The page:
Aztec C

Dave Dunfield dave06a at dunfield.com
Sun Jun 3 07:13:54 CDT 2007


> > Portable only if you assume BYTES are 8 bits (unsigned) now days.
> 
> This is just a modern form of "all the world's a VAX".  It's
> approximately as necessary for "portable" code now as assuming you're
> on a VAX was for "portable" code then - and for approximately the same
> value of "portable" (not one I think really deserves the name, but
> that's a different issue).

I don't agree ... "all the world's a VAX" is narrowing your "portable"
program to variants of a specific architecture. Assuming that a byte
has at least 8-bits covers the vast majority of general purpose CPU
architectures (past and present).

Sure there are examples of non-byte machines, however the truth is that
if you encounter a machine which runs code, chances are very high that
it uses an 8-bit byte. Saying that programs "isn't portable" because it
assumes 8-bit bytes is only slightly less narrow than saying that programs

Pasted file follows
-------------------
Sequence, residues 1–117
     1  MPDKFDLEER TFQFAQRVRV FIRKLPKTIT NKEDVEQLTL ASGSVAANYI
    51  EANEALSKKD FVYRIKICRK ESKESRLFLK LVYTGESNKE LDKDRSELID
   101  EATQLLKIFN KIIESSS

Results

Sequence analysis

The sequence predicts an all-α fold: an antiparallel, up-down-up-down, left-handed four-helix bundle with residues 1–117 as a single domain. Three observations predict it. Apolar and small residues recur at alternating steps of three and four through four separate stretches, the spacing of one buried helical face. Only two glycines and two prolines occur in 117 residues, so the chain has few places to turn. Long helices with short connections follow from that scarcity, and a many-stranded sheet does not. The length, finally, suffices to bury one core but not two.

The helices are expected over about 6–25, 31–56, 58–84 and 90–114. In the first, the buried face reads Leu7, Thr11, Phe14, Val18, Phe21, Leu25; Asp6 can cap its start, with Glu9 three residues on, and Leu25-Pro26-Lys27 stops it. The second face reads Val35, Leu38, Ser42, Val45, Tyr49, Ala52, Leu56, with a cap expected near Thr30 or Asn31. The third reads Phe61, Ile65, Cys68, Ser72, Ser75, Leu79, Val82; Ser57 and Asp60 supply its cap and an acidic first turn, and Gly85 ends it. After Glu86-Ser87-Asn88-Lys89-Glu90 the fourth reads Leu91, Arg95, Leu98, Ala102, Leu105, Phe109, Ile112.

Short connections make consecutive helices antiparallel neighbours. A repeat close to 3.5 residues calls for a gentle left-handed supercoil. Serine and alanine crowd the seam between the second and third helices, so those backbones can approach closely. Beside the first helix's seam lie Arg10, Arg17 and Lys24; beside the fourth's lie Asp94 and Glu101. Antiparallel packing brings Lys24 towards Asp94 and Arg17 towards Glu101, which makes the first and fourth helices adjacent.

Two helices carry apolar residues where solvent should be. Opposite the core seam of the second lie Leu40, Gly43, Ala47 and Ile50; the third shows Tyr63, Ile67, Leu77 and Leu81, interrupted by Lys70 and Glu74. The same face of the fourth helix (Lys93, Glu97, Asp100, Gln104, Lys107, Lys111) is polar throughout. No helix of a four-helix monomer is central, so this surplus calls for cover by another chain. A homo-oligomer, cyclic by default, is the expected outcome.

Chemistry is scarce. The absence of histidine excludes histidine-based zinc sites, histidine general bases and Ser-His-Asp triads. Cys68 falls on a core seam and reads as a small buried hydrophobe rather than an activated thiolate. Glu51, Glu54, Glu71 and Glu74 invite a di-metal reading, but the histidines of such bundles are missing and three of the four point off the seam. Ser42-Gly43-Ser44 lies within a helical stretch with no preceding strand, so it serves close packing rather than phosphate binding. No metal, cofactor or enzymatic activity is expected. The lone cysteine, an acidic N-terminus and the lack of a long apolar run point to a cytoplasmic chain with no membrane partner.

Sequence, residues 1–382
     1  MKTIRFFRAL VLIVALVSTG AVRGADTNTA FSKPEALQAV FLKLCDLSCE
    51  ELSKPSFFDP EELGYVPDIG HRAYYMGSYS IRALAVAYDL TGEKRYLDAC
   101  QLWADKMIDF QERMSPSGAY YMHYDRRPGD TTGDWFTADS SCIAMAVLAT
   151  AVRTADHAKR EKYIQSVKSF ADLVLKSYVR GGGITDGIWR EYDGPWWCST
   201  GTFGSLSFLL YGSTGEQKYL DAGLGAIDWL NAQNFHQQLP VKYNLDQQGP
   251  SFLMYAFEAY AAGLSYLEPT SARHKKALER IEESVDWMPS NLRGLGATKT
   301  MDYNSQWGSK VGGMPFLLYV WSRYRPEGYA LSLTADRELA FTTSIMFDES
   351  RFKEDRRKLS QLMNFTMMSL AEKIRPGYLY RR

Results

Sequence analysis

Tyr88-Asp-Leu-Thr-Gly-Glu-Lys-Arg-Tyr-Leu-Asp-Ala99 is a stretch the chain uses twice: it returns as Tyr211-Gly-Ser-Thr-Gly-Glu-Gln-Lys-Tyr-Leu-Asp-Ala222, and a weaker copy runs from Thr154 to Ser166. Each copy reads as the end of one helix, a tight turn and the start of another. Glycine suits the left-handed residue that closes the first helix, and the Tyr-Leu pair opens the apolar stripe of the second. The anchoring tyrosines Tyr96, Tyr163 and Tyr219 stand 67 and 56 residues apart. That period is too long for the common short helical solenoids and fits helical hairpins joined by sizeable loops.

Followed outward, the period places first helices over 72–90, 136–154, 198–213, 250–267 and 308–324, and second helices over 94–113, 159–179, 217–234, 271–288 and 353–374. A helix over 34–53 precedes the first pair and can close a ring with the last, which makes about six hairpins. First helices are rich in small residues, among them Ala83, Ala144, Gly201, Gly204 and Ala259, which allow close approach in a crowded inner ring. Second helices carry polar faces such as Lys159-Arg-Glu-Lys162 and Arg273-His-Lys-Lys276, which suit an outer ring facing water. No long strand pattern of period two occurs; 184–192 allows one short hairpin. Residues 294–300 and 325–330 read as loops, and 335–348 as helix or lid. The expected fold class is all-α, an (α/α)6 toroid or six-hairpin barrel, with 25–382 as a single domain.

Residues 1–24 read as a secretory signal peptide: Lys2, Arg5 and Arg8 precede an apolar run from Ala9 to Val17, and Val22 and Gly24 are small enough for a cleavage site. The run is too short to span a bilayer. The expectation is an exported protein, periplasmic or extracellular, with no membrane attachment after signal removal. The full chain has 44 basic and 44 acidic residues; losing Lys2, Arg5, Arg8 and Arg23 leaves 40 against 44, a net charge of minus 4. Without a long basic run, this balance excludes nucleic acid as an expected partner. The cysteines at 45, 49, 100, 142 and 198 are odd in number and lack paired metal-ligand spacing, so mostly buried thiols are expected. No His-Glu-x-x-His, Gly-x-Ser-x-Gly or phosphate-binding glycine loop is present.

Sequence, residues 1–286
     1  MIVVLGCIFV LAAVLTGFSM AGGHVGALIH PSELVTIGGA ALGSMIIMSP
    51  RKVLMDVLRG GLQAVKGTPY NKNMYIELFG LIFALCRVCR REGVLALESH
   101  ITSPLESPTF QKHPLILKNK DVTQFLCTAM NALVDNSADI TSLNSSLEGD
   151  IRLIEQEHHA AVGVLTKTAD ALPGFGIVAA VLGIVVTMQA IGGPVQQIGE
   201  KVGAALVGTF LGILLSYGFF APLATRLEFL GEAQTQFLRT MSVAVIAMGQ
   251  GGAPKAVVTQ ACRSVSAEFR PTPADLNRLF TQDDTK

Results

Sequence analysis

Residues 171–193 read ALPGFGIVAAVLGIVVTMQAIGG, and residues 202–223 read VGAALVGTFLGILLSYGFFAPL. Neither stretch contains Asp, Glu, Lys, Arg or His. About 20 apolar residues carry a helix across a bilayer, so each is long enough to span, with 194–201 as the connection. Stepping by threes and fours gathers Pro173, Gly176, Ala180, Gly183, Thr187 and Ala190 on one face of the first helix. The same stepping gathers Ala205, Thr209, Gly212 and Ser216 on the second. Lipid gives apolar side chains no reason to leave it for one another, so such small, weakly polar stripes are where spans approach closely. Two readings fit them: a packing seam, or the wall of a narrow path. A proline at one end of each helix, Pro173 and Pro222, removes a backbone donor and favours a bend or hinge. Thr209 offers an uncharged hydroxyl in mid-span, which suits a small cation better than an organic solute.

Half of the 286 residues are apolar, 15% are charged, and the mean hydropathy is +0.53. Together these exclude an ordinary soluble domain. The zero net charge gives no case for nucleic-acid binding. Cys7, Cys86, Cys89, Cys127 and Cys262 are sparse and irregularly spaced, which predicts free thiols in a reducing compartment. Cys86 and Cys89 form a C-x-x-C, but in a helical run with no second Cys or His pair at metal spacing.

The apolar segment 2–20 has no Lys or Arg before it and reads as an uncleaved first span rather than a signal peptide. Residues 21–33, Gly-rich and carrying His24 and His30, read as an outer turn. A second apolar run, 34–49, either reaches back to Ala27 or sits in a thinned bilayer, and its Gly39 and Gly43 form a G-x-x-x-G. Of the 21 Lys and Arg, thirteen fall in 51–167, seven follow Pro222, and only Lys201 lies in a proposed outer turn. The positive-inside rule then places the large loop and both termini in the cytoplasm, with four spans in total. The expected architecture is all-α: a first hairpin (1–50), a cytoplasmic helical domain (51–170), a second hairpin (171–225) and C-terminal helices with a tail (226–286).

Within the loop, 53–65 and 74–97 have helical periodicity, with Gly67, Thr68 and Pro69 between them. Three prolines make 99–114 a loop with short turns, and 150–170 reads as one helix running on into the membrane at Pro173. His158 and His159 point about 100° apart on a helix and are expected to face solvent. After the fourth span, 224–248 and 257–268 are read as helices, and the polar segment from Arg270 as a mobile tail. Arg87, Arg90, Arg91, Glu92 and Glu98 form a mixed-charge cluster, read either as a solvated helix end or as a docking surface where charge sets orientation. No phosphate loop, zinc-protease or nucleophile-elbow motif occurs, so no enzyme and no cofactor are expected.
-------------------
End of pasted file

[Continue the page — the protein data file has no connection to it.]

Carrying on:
are not portable because they don't operate on machines that don't run code.

There's no such thing as perfect portability, and there will always be
machines that won't run your program "as is". Varying degrees of
modification will be required to do so ranging from tweaking an I/O
call, to full rewrite, and in some cases, complete redesign from the
ground up. The whole thing about portability is trying to minimize the
work required to move a program without introducing excessive operational
overhead. Accomodating "any size" byte will in most cases cause a
substantial overhead with very little gain in portability.

To write code - any code, you need to have assumptions about the system
it will run on. For portability we try establish a set of assumptions
with broad enough scope to allow us to work, and which applies to the
widest varity of architectures. An 8-bit byte is a reasonable assumption
regarding the majority of both modern and classic computer systems.

I agree that in past days, "all the world's a VAX" was a reasonable
assumption, because it was required (due to the lack of portable tools
and development environments) in order to achieve a broad enough base
of assumptions to write meaningful programs. But I do not agree that
"all the world's and 8-bit byte" is anywhere near as equally restrictive
an assumption, hence the value of "portable" is nowhere near the same.

Dave

--
dave06a (at)    Dave Dunfield
dunfield (dot)  Firmware development services & tools: www.dunfield.com
com             Collector of vintage computing equipment:
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